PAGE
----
Recall that the best way to get around and visit these beautiful monuments is to use a ezlink pass for the public, as tourism resources are the best because they have no fixed points go down and climb where you want and taxis that have very low prices.

The best areas where to stay in the hotel in Singapore are in Lavender, Bugis, China Town, Outram Park, and Marina Bay or if you can, of course, is the skyscraper with the ship and the famous Infinity Pool. The important thing however is to take the accommodation as close as possible to the MRT Metro because Singapore is not so small and we have ground to travel daily on an average of 10 to 15km to visit it!

The hotel prices are higher than average compared to the rest of Asia. Singapore is a state in itself, full of rules and prohibitions, and it is difficult to find a double, close to the metro, 4 or 3 star, below 90 € per night in August. Usually then the rooms are very small, but the important thing is that it is clean, so you can stay around all the time.

In almost the whole city it is easy to find a free WiFi, and the metro is futuristic and cheap, which is all clean but the impression is to be in the movie Truman Show. There are cameras everywhere, but really everywhere and you have the constant feeling of being monitored.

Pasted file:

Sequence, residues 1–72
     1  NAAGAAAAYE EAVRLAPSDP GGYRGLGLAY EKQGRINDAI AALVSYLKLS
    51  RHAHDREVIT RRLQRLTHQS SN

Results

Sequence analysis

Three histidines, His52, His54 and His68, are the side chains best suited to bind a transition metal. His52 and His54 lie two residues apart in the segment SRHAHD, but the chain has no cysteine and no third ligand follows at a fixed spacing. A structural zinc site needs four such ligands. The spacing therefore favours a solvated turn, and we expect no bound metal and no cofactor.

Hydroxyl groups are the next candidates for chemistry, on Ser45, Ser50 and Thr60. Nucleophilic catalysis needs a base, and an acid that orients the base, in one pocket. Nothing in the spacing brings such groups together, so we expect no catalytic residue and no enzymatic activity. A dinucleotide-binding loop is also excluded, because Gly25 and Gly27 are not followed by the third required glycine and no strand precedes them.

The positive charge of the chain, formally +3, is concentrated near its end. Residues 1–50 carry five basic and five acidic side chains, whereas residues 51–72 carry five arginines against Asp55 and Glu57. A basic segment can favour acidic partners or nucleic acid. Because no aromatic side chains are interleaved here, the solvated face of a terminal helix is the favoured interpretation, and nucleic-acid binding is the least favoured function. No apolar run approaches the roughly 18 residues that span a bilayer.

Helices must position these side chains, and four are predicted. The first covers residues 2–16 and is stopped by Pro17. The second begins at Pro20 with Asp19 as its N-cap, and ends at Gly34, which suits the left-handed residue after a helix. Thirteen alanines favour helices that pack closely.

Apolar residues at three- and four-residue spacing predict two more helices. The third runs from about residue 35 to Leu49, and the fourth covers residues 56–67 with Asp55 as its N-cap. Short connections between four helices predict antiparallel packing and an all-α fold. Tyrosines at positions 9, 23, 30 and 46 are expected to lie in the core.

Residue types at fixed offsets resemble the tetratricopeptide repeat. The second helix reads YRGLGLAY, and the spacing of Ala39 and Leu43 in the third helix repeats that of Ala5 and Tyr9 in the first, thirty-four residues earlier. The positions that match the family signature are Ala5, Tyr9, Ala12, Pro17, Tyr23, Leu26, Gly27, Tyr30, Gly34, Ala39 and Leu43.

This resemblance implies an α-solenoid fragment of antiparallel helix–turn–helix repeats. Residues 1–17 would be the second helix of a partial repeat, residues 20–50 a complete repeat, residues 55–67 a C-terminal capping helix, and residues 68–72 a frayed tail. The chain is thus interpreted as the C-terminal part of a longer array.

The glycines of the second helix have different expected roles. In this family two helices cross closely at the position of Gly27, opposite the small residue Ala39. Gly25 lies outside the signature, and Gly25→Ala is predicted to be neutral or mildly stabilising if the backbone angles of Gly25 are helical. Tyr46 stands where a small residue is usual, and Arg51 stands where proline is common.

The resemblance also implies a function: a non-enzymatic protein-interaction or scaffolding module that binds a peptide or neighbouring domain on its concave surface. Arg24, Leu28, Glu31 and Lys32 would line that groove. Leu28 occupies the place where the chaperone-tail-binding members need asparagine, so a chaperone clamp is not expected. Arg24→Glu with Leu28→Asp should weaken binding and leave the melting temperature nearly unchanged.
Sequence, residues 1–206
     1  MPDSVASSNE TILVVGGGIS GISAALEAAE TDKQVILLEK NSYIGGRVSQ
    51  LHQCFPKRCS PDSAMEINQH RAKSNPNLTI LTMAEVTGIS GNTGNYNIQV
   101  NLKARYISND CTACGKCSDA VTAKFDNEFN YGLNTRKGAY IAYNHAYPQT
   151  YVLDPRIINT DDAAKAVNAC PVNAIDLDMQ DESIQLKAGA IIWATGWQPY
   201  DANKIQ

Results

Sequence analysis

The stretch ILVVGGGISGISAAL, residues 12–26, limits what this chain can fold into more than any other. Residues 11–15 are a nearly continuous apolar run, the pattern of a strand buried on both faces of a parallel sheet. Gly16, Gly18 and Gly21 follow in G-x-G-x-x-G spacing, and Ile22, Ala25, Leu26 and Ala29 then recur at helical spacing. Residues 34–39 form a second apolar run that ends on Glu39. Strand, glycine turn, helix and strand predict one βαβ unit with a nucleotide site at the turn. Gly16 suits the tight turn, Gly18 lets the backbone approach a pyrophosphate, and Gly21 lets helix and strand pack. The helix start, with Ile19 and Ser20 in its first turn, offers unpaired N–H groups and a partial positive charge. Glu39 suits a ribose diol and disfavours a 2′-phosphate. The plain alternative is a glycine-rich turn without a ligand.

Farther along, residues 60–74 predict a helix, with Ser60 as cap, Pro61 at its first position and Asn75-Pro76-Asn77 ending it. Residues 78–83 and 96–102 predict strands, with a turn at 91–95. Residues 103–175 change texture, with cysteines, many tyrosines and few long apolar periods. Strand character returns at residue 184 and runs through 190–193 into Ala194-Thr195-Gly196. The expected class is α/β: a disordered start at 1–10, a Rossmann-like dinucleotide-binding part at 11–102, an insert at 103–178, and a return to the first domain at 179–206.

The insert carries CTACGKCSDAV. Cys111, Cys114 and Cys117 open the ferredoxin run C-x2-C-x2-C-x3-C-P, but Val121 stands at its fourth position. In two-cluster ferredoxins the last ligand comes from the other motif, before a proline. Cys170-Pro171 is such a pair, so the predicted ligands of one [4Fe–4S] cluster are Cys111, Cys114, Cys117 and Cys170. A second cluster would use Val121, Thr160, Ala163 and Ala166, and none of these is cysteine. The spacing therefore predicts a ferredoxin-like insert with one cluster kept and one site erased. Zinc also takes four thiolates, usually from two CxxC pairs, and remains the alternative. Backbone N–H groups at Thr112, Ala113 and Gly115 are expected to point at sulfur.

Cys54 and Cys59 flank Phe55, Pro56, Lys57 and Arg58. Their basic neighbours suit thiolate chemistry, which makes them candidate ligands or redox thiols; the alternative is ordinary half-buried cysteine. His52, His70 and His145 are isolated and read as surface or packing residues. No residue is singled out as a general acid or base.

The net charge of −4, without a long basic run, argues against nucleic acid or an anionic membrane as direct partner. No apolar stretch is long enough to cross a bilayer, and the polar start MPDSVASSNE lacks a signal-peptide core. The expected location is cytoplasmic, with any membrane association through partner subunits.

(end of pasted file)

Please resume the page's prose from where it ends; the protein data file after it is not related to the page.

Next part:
Smoking is not allowed everywhere and you will find well-defined smoking areas scattered here and there and as it is prohibited to import electronic cigarettes, it is forbidden to buy or possess chewing gum, but you will not get ever on sale.

The Durian fruit is not allowed in the subway or in a hotel, a fruit they say is yummy but has a nauseating smell, and the smell is repulsive which you can feel from a hundred meters. And of course it is forbidden to throw something on the ground, at least that we should learn it, too!